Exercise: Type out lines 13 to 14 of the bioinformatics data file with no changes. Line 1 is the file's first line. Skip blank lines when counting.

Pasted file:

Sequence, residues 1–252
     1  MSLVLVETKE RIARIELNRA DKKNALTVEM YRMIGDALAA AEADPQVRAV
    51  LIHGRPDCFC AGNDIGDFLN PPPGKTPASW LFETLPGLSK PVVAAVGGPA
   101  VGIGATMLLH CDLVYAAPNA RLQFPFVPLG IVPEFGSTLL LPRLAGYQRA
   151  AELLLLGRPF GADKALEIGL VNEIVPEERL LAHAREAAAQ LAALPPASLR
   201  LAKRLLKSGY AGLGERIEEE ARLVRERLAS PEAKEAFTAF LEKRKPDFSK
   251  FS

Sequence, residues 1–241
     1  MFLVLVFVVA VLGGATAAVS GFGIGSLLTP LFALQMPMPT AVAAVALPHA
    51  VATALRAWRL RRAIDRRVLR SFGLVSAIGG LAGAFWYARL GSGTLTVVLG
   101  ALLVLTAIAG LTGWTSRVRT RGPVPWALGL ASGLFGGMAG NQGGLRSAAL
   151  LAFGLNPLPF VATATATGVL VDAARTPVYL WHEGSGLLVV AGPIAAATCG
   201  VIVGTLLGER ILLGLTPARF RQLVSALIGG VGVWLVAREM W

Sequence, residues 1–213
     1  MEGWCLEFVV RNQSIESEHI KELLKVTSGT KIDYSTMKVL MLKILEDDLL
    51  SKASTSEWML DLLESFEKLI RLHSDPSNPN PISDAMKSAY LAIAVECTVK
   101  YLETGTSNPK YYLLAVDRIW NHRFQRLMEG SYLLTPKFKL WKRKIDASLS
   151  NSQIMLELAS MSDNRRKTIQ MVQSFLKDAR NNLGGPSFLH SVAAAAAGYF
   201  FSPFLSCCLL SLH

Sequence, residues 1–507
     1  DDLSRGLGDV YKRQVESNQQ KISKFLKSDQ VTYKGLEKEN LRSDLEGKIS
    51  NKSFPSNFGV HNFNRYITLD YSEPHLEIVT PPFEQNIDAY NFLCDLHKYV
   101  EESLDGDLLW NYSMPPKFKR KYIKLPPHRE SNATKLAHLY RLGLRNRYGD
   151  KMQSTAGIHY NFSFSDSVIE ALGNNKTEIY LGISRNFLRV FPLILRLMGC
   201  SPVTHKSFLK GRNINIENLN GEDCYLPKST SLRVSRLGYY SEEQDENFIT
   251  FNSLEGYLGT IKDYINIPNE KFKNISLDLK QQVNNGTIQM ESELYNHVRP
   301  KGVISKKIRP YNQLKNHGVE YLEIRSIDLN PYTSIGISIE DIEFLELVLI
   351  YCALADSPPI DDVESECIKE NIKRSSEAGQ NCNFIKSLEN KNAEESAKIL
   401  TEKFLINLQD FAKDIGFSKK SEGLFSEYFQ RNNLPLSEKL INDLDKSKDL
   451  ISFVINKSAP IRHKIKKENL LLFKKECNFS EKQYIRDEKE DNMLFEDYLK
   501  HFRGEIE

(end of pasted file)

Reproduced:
   201  VIVGTLLGER ILLGLTPARF RQLVSALIGG VGVWLVAREM W

Sequence, residues 1–213